After providing this analysis, Rausch goes on to explore its causes and potential solutions. His main recommendations are
1. Initiatives that bring very different individuals together – “civic efforts with names like Better Angels, Bridge the Divide, BridgeUSA, Living Room Conversations, and the Listen First Project.”
2. Institutions, because they “bring people together for joint effort on common projects, which builds community. They also socialize individuals and transmit knowledge and norms across generations. Because they are durable (or try to be), they tend to take a longer view and discourage behavior that considers only self-interest in the very short term. Because they force individuals to consult with others before making decisions and hold them accountable afterward, they filter and correct cognitive distortions. Under many conditions, they can provide stability and resources to buffer the shocks of economic and social disruption. And by organizing collective effort, they make people much more efficacious, which increases people’s sense of agency and dignity.” He names the Scout movement, unions, civic clubs, professional associations, the military and even political parties as examples.
Wait… political parties??! Yes, he sees current political parties now as ORGANIZATIONALLY weak. They traditionally “road-tested and vetted political candidates, screening out incompetents, sociopaths, and those with no interest in governing. When they could, they used incentives like jobs, money, and protection from primary challenges to get legislators to work together and accept tough compromises. Perversely, the weakening of parties as organizations has led individuals to coalesce instead around parties as brands, turning organizational politics into identity politics.”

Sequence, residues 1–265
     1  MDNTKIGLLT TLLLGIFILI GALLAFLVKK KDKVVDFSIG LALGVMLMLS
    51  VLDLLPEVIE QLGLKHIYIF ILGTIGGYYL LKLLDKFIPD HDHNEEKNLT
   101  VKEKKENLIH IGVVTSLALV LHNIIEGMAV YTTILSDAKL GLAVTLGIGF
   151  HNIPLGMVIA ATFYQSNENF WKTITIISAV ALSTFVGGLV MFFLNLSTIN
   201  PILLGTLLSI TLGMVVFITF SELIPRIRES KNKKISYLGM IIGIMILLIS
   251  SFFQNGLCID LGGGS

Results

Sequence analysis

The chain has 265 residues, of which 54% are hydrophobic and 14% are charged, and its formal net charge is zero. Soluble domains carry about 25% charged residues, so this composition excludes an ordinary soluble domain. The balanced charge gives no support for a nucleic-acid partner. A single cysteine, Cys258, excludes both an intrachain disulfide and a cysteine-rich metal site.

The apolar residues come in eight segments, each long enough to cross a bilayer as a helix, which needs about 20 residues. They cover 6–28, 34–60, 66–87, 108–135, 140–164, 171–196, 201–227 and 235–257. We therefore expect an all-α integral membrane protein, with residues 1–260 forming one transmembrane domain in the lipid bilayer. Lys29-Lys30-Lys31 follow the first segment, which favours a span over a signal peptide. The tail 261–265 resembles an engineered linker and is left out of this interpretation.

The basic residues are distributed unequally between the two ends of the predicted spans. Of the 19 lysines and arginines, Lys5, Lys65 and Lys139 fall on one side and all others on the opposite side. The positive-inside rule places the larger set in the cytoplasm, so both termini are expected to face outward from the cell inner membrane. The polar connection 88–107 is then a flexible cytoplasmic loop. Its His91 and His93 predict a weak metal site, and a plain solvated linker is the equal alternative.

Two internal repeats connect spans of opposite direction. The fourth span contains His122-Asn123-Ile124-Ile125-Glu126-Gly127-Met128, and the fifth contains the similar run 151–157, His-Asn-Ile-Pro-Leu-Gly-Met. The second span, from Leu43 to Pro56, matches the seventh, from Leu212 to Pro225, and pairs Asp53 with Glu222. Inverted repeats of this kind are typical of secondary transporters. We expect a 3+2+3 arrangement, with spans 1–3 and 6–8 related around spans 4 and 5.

These are major excerpts from its introductory paragraphs:
A common framework for interpreting populism is known as the ideational approach: this defines populism as an ideology which presents “the people” as a morally good force and contrasts them against “the elite”, who are portrayed as corrupt and self-serving. Populists differ in how “the people” are defined, but it can be based along class, ethnic, or national lines. Populists typically present “the elite” as comprising the political, economic, cultural, and media establishment, depicted as a homogeneous entity and accused of placing their own interests, and often the interests of other groups—such as large corporations, foreign countries, or immigrants—above the interests of “the people”. Populist parties and social movements are often led by charismatic or dominant figures who present themselves as the “voice of the people”….
Other scholars of the social sciences have defined the term populism differently. According to the popular agency definition used by some historians of United States history, populism refers to popular engagement of the population in political decision making. An approach associated with the political scientist Ernesto Laclau presents populism as an emancipatory social force through which marginalised groups challenge dominant power structures. Some economists have used the term in reference to governments which engage in substantial public spending financed by foreign loans, resulting in hyperinflation and emergency measures. In popular discourse—where the term has often been used pejoratively—it has sometimes been used synonymously with demagogy, to describe politicians who present overly simplistic answers to complex questions in a highly emotional manner, or with opportunism, to characterize politicians who seek to please voters without rational consideration as to the best course of action.